The movie poster at left is an excellent indicator of the degree to which Hollywood has its head stuck up its own ass.
As a father of a ten-year-old and a seven-year-old, I see a lot of big-budget Hollywood cartoons. Sometimes, as is the case with the recent “Despicable Me,” I have to see them twice. It was during the second trip to “Despicable Me” that I saw this poster for “MegaMind.”
Take a look at the poster and tell me what’s wrong with it. No, go ahead. Take a minute. If you’re a parent of young children, it didn’t take you more than a second.
My kids don’t give a rat’s ass who “Ferrell” and “Pitt” are. They care about mad scientists and plucky heroines in trouble and superheroes with weird powers. They care about earnest sponges with a can-do spirit and whiz-bang gadget inventors. They like explosions and narrow escapes.
You know who cares about “Ferrell” and “Pitt?” Hollywood super-agents and movie studio executives. As far as I can tell from the thumbnail description of the film, Brad Pitt’s superhero isn’t even all that central to the movie’s premise. He gets killed off early on so that Ferrell’s mad scientist can create another superhero (voiced by Jonah Hill) who the mad scientist then has to kill off as part of his inevitable third-act redemption. I guess Jonah Hill isn’t sexy enough for the movie poster.
Now look at the only other descriptive line on the poster. “The Superhero Movie Will Never Be The Same.” That’s not a summation of the film, or even a teaser. It’s a pitch. It’s not even a good pitch. It’s a lazy, generic pitch about a pre-sold commodity. It tells kids—and parents—nothing about the movie.
Big-budget Hollywood movies suck ass. We all know this. But parents know that big-budget Hollywood animated movies suck even more ass. Regular Hollywood movies suck ass because the people who make them care only about which big names are attached to them. This has been the case for decades, but it wasn’t always the case with animated full-length features. As recently as 1991, Disney could make “Beauty and the Beast” with no high-powered A-list Hollywood talent at all. The Beast was frigging Robby Benson, for god’s sake. And he was great. So was Paige O’Hara as Belle. Their voices were suited to their characters. They weren’t distractions.
This started to change just one year later when the same studio, Disney, allowed Robin Williams to crap all over “Aladdin.” This was a perfectly decent re-telling of the “Arabian Nights” tale that ground to a complete halt every time Robin Williams showed up as the genie, speed-jiving some anachronistic topical shit lifted from his sweaty, cocaine-hangover HBO stand-up routines. This wretched performance should have stopped the whole A-list voice talent thing in its tracks. Instead things have only gotten worse. Much worse.
Exhibit A? “MegaMind.” What’s “MegaMind” about? It’s about Will Ferrell with a big head. And Brad Pitt. He’s a pompous and deluded superhero. Like, you know, a tabloid movie star. Tina Fey’s in it, too. She’s playing Tina Fey.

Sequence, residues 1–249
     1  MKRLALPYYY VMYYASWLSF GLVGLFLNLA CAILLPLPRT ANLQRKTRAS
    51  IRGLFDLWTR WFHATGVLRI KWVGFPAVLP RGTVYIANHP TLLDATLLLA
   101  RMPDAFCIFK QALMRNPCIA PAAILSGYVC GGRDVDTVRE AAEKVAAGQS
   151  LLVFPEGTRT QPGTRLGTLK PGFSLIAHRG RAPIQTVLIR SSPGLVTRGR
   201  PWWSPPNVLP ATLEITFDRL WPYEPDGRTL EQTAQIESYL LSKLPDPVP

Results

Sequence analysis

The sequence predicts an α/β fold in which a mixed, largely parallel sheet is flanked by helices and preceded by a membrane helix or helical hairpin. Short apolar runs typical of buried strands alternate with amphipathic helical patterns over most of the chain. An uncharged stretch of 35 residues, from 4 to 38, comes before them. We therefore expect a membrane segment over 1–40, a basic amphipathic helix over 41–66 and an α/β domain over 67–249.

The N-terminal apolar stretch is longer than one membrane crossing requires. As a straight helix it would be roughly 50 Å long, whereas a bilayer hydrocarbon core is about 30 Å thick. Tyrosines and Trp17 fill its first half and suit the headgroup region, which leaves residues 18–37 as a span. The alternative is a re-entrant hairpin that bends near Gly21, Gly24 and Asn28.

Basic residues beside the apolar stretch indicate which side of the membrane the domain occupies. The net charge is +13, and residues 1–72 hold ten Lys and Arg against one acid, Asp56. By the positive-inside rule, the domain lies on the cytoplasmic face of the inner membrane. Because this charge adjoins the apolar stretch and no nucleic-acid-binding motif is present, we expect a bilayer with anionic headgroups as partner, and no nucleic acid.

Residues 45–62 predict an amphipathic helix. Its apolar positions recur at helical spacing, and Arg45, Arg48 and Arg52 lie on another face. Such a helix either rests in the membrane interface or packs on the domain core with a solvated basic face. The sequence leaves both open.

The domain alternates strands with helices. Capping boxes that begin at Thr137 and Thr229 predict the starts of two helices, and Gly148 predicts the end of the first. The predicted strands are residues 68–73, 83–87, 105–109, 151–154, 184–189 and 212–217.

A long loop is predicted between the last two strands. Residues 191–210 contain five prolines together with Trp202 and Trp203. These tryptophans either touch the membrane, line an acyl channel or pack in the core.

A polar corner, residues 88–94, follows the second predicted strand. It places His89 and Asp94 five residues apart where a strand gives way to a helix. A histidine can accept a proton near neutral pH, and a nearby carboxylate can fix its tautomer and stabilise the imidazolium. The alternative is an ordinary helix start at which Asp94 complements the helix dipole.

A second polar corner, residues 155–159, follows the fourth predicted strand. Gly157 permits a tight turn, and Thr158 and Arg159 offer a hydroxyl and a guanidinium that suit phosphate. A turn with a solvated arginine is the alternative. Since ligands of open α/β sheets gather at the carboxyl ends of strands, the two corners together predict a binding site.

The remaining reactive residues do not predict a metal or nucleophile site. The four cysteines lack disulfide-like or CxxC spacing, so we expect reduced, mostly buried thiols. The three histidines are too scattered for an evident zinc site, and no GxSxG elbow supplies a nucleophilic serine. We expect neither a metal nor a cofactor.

Now I’m not one of those guys who insist that Hollywood stopped making good animated movies after “Fantasia.” Sometimes A-list voice talent is perfectly suited to a character. There are probably few people on earth who can say “Hey! Howdy! Hey!” as convincingly as Tom Hanks. One of the best parts of “Despicable Me” is Steve Carell’s sputtering, consonant-cluttered take on Gru, the Cold War Russian-inspired bad guy. He makes the character funny and believable without going off all Chris Rock all over it.
For the most part, however, top-tier A-list voice talent is either A) bland or B) distracting. Brad Pitt is an excellent example of the former case. His voice isn’t distinctive in any way. His affectless, lusterless Every Joe voice consistently undermined “Sinbad: Legend of the Seven Seas,” an otherwise entertaining adventure that tanked at the box office in 2003. Why was Pitt cast as Sinbad? Because, umm, he’s dashing and handsome. Unfortunately, all he provided for Sinbad was his flat voice. Same deal with Julia Roberts. Why is Julia Roberts and her utterly unremarkable voice cast in cartoon features like “Charlotte’s Web” or “The Ant Bully?” Got me.
On the other side of the spectrum is the distracting voice. Never mind the fact that you can’t get an animated feature into production anymore unless you have Chris Rock in it as a wise-cracking antelope or zebra. Even well-intended A-list voiceovers sometimes torpedo the movie in which they’re featured. In “The Fantastic Mr. Fox,” George Clooney’s Mr. Fox is so George Clooney that he overshadows the character and every scene he’s in. Dreamworks, the same outfit that gives us Eddie Murphy as Donkey and Chris Rock as everybody else, once blew up its own “Shark Tale” by voice-casting Will Smith and Angelina Jolie, plus Robert DeNiro and Martin Scorsese in it. Martin Scorsese? Really? Does that make sense to anyone other than some utterly isolated studio exec?
You know what kids like? A good story. But they’re never going to get it from some crap like “MegaMind,” which budgets millions of dollars for Brad Pitt’s vocal cords and millions more for the right to emblazon the trailer with the words “Will” and “Ferrell,” while setting aside a paltry few grand for a story consisting of wink-wink insider jokes about the voice cast.
Oh, and don’t even get me started about this whole 3D thing.